Considering the immense sensory capacity of the hand, clearly a transplanted hand is the far superior choice compared to any available myoelectric hand prosthesis. However, in unilateral hand loss, the remaining sound hand will always have far superior functional capacities and therefore will become dominant. Usually, unilateral amputees are able to perform up to 90% of the activities of daily living without any functional reconstruction [26]. Therefore, the reconstructed hand, regardless of transplanted or prosthetic, will at best be a helping hand in unilateral amputees [27-29]. However, in patients with bilateral hand loss, all sensory feedback has been lost. Thus, it may simply not be sufficient to solely replace motor skills. In these cases, the benefit of restoring some sensation, proprioception, and natural movement may outweigh the risk of life-long immunosuppression, tilting the decision making process in favour of hand allotransplantation in bilateral amputees.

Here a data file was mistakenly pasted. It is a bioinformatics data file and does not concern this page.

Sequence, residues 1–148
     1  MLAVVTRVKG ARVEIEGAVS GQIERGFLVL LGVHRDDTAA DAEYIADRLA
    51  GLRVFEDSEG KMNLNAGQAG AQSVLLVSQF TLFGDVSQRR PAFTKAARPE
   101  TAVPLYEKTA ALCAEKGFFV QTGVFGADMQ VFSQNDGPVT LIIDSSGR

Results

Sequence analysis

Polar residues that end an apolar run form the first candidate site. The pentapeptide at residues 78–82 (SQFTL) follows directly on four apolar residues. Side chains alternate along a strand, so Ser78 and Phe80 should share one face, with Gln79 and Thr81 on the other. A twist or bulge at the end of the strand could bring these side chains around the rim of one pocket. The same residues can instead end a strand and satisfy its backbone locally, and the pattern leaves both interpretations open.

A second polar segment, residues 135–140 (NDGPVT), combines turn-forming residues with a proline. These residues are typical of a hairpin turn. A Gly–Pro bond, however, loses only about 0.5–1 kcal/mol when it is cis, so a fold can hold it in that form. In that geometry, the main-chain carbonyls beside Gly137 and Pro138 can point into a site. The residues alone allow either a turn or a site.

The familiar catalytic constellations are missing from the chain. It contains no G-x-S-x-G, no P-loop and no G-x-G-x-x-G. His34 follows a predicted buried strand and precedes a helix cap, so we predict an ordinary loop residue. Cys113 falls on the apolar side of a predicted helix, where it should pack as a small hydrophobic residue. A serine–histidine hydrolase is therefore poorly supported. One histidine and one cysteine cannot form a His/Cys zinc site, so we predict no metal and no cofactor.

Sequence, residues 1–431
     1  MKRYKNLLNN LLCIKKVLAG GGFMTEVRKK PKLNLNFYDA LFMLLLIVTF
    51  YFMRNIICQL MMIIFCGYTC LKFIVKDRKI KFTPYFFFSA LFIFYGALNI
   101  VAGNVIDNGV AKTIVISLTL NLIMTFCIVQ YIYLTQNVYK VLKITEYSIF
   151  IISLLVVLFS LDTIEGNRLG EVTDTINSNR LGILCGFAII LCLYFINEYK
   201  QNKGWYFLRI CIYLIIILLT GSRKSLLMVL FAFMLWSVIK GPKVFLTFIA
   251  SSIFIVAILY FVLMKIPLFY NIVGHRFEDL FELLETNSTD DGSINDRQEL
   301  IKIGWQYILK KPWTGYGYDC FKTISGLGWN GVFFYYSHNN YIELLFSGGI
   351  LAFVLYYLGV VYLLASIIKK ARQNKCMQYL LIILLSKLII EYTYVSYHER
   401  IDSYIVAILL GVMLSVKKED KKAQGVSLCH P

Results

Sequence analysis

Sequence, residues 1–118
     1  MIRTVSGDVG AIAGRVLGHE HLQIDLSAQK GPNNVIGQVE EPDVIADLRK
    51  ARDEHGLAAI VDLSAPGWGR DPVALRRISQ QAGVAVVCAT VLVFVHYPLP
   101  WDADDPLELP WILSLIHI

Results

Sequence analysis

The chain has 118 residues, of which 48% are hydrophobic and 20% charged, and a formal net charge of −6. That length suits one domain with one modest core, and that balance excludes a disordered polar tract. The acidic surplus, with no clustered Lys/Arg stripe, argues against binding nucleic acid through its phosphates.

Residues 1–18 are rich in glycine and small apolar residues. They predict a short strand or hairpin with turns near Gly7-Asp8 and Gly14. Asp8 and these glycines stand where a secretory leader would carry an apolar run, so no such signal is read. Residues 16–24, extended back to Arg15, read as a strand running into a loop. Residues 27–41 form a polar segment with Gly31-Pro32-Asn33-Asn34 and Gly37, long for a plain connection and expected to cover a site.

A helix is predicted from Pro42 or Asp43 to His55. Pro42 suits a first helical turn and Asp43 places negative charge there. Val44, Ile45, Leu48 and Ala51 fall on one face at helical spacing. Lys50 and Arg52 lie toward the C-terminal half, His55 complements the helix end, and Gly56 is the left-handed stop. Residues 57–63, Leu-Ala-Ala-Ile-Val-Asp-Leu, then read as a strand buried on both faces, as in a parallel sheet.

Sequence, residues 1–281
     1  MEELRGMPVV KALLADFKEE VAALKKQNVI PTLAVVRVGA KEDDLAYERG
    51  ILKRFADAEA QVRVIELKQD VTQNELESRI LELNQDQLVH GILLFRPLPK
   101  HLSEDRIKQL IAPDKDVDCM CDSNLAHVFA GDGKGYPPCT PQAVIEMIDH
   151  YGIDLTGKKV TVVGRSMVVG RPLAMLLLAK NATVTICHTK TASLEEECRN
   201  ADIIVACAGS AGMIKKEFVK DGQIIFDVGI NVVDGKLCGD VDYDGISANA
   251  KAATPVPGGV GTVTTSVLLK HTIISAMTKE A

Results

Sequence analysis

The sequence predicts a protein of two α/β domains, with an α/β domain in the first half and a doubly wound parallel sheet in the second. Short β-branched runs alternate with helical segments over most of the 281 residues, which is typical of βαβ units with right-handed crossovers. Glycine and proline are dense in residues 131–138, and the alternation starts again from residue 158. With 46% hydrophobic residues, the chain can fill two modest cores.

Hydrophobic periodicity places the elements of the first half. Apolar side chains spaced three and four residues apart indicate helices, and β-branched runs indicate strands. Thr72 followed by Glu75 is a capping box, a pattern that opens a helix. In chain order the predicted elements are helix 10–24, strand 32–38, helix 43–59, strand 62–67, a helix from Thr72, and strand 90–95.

Within the next years, hand transplantation as well as prosthetic technology will most definitely further improve. Interesting and promising approaches in achieving immunotolerance have been reported in animal models [30]. Not only the possible induction of donor-specific tolerance, but also sensitization and more sensitive monitoring strategies of rejection will result in a safer transfer of vascularized composite tissue [28,31]. Prosthetic control algorithms such as pattern-recognition and proprioceptive tactile feedback will enhance function and will help control complex mechatronic devices [5,16,32]. The man-machine interface will be further enhanced by the use of implantable sensors to transmit myoelectric signals to the prosthetic device [33]. Different muscle and also direct nerve interfaces is subject of current investigations with first clinical applications [33,34]. Thus, future developments in prosthetic technology will have substantial impact on the indications for hand transplantation [9,35].


This work was supported by the Christian Doppler Research Foundation, a subdivision of the Austrian Federal Ministry of Economy, Family and Youth, the Austrian Council for Research and Technology Development. The authors of this manuscript have no competing interest to declare.